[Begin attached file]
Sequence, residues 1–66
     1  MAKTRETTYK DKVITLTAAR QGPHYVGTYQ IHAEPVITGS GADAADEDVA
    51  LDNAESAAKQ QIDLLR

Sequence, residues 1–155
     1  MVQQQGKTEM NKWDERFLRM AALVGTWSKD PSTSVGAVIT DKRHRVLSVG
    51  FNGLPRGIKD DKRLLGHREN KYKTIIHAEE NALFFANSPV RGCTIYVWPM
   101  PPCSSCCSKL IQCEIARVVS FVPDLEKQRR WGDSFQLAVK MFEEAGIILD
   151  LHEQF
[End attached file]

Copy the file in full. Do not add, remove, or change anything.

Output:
Sequence, residues 1–66
     1  MAKTRETTYK DKVITLTAAR QGPHYVGTYQ IHAEPVITGS GADAADEDVA
    51  LDNAESAAKQ QIDLLR

Sequence, residues 1–155
     1  MVQQQGKTEM NKWDERFLRM AALVGTWSKD PSTSVGAVIT DKRHRVLSVG
    51  FNGLPRGIKD DKRLLGHREN KYKTIIHAEE NALFFANSPV RGCTIYVWPM
   101  PPCSSCCSKL IQCEIARVVS FVPDLEKQRR WGDSFQLAVK MFEEAGIILD
   151  LHEQF